Disease progression (years of diabetes) and elevated HbA1c, which are known risk factors for chronic complications of diabetes (6, 33), were also present as independent risks in the multivariate analysis. The finding that use of insulin was a risk factor is of particular interest. It is known that after 10 years of disease progression, most patients need insulin therapy, and that the more years of disease progression, the greater likelihood of insulin use. In Model 3, when treatment with insulin was included, it had a higher independent risk than elevated HbA1c and years of diabetes. Model 4 demonstrates the colinearity between progression of the disease and insulin therapy: when years of diabetes is included in the model as a categorical variable ("> 10 years of diabetes"), it disappears as a risk, but the risk of insulin therapy remains the same. When the three chronic microvascular complications are incorporated into the model, years of diabetes and HbA1c level are eliminated as risks, diabetic retinopathy emerges as an important risk factor, and insulin therapy remains as a high risk. When the variable of previous amputation is incorporated, only use of insulin remains as a risk (all other risk factors are eliminated).

Therefore, a typology of risk for amputation in diabetic patients would be male patients with 10 or more years of diabetes and an average HbA1c > 8% who use insulin and have diabetic retinopathy, but those most at risk are patients with insulin therapy-and their risk increases if they have had a previous amputation. These factors should be considered as indicating very high risk for diabetic patients and, in turn, signaling the need for close monitoring by health care professionals. Having incidence of any disease as an indicator in a primary care setting allows for measurement of the impact of interventions made in a specific region by comparing incidence through points in time. For example, the data generated by the current research will allow any studied health area to monitor the quality of comprehensive care of diabetic patients using incidence of LEA as an indicator.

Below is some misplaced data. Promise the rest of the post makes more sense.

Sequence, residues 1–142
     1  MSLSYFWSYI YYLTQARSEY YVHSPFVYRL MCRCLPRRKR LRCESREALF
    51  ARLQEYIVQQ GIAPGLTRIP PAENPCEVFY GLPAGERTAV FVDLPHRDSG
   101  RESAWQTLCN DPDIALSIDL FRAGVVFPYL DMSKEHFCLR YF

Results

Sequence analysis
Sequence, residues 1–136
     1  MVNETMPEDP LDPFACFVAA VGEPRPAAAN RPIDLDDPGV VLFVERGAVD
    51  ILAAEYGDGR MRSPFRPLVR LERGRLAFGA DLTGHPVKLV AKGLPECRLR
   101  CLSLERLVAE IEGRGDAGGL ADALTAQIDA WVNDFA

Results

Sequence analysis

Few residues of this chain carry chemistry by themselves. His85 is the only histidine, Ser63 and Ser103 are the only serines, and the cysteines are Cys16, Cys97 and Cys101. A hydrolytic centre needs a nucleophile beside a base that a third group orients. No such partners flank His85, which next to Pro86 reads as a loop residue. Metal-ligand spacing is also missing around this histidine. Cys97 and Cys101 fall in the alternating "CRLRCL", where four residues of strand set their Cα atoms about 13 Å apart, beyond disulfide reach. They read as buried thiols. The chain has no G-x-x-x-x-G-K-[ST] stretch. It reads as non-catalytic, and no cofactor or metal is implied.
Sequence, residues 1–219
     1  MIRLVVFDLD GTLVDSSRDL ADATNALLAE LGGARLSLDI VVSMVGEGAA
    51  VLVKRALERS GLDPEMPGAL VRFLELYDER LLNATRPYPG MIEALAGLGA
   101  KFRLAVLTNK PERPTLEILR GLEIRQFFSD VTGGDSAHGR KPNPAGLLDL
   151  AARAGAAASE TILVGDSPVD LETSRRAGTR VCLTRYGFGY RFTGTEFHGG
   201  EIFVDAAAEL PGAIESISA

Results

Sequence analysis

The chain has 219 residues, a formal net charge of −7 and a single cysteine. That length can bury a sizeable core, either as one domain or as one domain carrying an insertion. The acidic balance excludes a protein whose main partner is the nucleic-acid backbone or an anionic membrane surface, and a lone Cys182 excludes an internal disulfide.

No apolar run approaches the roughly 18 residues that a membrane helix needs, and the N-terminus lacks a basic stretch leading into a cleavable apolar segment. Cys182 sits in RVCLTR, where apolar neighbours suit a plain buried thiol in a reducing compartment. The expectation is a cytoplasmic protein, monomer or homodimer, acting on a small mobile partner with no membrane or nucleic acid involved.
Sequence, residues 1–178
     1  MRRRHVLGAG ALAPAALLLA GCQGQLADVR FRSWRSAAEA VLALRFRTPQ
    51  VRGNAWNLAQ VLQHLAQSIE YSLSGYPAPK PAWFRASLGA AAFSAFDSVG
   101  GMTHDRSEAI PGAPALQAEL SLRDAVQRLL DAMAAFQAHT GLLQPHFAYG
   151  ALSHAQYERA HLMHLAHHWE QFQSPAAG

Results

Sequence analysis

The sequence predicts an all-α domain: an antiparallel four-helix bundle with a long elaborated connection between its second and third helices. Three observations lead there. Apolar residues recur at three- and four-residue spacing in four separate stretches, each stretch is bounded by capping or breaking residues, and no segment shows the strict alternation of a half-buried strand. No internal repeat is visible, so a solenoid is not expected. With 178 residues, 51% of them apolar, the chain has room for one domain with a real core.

Diabetic foot care is considered a feasible intervention with a high level of cost-effectiveness for developing countries (15). Therefore, factors that hinder the proper care of diabetic patients should be identified and addressed, to reduce medical complications, along with the associated individual and social burdens. In addition to barriers to accessing health care and education at all levels, these factors include the lack of follow-up records of patients and monitoring of complications (15, 52). It is well known that valid and reliable health statistics are essential for planning and implementing health policy in all settings. Almost all LEAs are done in hospital settings, so they could be easily and properly registered in hospital discharge data, making incidence of LEA a valuable indicator in decision-making to improve the quality of care for diabetic patients in developing countries. This indicator has been previously used in control programs on quality of care for people with diabetes conducted in Latin America (52), and some countries, such as Chile, have proposed LEA as an indicator for monitoring and evaluating some of the priority components of diabetic patient management, using the QUALIDIAB-Chile program (http://qualidiabchile.minsal.cl/) (53). Future research evaluating the efficacy of diabetic care in terms of survival, function/disability, and quality of life, to measure diabetes' impact on individuals, the health system, and the economic development of Latin American countries, is also recommended.


These results and the information in the consulted literature show the high frequency and importance of LEA associated with diabetes in Costa Rica and elsewhere in Latin America. Although the data can not be generalized to all of Costa Rica, they can be used as an estimate of what is happening in the metropolitan area of San José (especially the low-income areas), where 75% of Costa Ricans live. They may also help in planning intervention programs targeting prevention of LEA in diabetic patients at the primary, secondary, and/or tertiary level, including those focusing on disability, rehabilitation, and prosthetics, with the ultimate end of reducing the number of amputations.



1. Shaw JE, Sicree RA, Zimmet PZ. Global estimates of the prevalence of diabetes for 2010 and 2030. Diabetes Res Clin Pract. 2010;87(1):4-14.         

2. van Dieren S, Beulens JW, van der Schouw YT, Grobbee DE, Neal B. The global burden of diabetes and its complications: an emerging pandemic. Eur J Cardiovasc Prev Rehabil. 2010;17(Suppl 1):S3-8.